Anonymous
Anonymous asked in Science & MathematicsEngineering · 1 decade ago

How much training was required to operate and maintain a 'quadruplex' videotape recorder?

How much did a Quadruplex VTR operator have to know to maintain those old videotape machines? I mean machines like the Ampex VR2000, AVR-1,or the RCA TR-70 vtr's? And what are some of the problems these machines had? These machines were the broadcast-standard VTR's for 30-some years.

2 Answers

Relevance
  • lare
    Lv 7
    1 decade ago
    Favorite Answer

    not hard to learn?? Both Ampex and RCA had regular schools to train the television station technicians to repair these. There are a number of very complex sub-systems. First you need an external air compressor for these to operate. They also needed vacuum, but that was usually generated internally. The spinning of the quad head has to be sychronized with externally supplied horizontal, vertical, subcarrier, burst flag, and blanking signals. you will need a generator for these singals. The spinning head is a mechanical device so the recovered video signal is very unstable timing. This has to be corrected by the amtec, videotec and the colortec which switch timing loops in and out to keep precise timebase synchronization. The tape tension has to be manually adjusted to minimize venetian blind artifacts. It took about 20 seconds for these to get up to speed and sync, therefore the director had to call for them to roll 20 sec in advance. To be sure that the start of the video program matched the roll up time, a mechanical tach has to run against the tape. This allows the operator a means of mechanically back winding the tape to the pre-roll point (20 seconds at 15ips is 25 feet, hard to measure out quickly with a ruler) Quad did not make a picture in still or slow motion so the operator did not have visual cues (like a count down timer) for setting the tape position. These were mono audio on a linear track that ran at 15 ips (although some later models were "merlinized" to run at 7.5 ips and split head stereo audio). Ampex never understood how color video worked, but RCA ran the NBC network that depended on color. The record frequency chosen by Ampex caused a herringbone interference on the color subcarrier. RCA solved this by running the record carrier frequency up higher so that color quad machines were later known as "high band". Ampex traded RCA a manufacturing license in exchane for the color circuits. FYI you just don't stick video into a magnetic head and have it record. It has to first be FM modulated onto a highband carrier. Ampex was also very weak in transistor theory, which is why the first model was all tube. Ampex traded its patents on helical scan video recording to Sony in order to get a usable solidstate design. Helical scan was the basis of all the future generations of videotape formats. Getting parts for a product that was designed 50 years ago will be a challenge. If you can get a complete set of manuals, they will provide months of reading.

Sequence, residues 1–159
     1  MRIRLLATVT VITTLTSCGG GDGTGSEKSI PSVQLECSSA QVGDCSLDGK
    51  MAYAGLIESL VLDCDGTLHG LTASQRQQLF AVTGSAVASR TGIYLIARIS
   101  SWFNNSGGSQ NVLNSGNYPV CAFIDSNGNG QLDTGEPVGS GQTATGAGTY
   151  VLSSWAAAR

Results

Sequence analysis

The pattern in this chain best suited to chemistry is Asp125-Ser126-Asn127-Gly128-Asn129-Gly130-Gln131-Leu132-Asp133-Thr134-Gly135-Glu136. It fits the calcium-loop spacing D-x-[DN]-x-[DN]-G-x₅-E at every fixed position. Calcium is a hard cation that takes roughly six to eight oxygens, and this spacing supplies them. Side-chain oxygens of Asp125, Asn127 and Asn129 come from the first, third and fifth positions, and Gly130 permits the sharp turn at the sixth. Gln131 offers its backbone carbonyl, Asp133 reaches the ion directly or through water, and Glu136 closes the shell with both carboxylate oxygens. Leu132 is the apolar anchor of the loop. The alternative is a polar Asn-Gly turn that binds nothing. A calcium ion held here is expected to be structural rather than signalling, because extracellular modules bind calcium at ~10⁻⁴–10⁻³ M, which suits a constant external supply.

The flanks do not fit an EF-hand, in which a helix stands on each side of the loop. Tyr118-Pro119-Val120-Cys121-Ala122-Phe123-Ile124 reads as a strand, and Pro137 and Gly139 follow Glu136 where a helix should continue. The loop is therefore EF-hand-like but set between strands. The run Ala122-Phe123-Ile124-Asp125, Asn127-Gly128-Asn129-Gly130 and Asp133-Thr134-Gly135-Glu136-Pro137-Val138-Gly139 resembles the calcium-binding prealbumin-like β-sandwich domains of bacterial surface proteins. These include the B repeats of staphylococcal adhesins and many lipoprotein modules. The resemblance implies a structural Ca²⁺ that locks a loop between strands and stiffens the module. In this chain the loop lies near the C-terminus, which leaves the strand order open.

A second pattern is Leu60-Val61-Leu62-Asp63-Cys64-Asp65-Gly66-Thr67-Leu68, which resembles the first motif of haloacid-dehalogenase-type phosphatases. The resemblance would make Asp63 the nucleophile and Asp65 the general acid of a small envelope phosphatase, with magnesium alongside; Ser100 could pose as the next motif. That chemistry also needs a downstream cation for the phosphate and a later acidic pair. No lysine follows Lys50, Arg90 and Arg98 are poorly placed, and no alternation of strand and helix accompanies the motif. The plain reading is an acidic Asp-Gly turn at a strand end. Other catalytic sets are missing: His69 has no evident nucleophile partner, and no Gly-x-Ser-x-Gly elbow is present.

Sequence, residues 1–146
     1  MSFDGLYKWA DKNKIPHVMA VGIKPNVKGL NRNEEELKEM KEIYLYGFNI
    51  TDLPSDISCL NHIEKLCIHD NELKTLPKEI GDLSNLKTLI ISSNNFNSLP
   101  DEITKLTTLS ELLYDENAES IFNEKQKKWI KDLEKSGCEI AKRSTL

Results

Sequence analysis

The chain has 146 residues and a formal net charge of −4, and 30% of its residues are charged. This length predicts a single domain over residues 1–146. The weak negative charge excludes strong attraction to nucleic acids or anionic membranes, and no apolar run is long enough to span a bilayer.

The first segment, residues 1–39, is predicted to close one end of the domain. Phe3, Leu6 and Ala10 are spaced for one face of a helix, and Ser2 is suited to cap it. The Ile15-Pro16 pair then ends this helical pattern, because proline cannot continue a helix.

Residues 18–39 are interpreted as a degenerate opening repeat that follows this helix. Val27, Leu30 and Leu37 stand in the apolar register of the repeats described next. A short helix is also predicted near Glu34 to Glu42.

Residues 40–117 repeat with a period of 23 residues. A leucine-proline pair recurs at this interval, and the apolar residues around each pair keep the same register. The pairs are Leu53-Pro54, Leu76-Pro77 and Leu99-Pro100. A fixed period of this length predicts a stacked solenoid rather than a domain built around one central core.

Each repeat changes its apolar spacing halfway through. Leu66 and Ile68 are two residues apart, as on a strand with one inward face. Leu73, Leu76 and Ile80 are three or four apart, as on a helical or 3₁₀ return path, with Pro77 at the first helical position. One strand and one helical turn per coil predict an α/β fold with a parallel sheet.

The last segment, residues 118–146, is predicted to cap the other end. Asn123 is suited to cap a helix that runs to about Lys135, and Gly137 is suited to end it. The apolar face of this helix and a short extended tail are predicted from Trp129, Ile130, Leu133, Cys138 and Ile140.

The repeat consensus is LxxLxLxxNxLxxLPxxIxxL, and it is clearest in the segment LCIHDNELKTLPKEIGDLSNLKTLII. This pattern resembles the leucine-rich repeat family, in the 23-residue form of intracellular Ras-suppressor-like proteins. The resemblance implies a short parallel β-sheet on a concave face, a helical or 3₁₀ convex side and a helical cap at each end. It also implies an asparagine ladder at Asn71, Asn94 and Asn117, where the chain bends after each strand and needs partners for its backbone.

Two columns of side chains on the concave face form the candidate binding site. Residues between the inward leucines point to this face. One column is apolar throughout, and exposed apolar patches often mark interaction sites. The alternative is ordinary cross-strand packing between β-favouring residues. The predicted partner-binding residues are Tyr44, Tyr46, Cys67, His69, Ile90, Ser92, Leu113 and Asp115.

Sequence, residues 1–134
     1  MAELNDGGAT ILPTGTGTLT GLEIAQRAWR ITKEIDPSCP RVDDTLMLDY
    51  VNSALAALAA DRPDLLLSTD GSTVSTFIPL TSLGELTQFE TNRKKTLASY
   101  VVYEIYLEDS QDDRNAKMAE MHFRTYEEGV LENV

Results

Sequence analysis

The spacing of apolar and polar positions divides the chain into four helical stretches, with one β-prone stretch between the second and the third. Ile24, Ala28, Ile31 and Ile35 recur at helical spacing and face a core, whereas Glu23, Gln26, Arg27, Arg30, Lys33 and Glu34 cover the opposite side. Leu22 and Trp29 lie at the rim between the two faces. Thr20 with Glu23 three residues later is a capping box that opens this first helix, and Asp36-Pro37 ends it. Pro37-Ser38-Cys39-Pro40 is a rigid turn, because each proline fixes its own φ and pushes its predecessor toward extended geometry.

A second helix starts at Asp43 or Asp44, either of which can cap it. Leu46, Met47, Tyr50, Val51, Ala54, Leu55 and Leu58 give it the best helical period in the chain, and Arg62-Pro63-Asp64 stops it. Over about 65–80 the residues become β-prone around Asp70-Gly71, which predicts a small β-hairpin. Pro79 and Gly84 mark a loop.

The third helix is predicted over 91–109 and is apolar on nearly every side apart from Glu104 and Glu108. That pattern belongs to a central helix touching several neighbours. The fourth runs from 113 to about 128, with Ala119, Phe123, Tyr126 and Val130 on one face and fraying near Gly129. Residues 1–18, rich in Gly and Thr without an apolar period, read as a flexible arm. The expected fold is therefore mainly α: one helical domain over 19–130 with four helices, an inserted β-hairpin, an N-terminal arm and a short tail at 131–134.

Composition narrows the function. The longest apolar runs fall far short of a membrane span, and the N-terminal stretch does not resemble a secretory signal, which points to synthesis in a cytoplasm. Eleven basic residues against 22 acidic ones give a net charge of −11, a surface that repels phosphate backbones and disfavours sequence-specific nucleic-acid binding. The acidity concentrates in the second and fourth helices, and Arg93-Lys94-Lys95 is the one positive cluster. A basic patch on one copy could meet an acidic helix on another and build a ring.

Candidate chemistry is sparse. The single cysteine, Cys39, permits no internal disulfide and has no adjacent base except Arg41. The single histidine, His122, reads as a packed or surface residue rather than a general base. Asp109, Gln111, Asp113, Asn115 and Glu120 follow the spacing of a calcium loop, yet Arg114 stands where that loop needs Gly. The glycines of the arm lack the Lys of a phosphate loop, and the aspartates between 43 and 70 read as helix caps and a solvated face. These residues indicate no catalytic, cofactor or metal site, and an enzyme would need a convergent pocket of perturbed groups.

• Login to reply the answers
  • 1 decade ago

    you say "was required" not "is required" so I assume you mean was required in the days these were in use.

    those days there was no formal training for these kinds of things. And to be truthful they are not all that difficult to operate. You would watch someone operate one for a while, read the manuals, and learn by doing.

    • Login to reply the answers
Still have questions? Get your answers by asking now.